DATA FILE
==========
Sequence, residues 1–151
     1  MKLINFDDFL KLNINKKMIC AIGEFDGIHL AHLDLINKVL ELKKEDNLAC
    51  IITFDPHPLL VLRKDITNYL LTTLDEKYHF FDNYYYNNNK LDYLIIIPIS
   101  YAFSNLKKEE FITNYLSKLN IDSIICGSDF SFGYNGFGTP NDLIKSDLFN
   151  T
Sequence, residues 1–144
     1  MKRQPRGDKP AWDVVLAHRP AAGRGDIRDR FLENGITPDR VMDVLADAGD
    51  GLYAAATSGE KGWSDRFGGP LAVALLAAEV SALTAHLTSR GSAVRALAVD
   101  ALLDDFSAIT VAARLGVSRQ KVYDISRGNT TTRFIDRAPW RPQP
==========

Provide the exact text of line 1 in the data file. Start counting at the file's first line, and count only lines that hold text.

Sequence, residues 1–151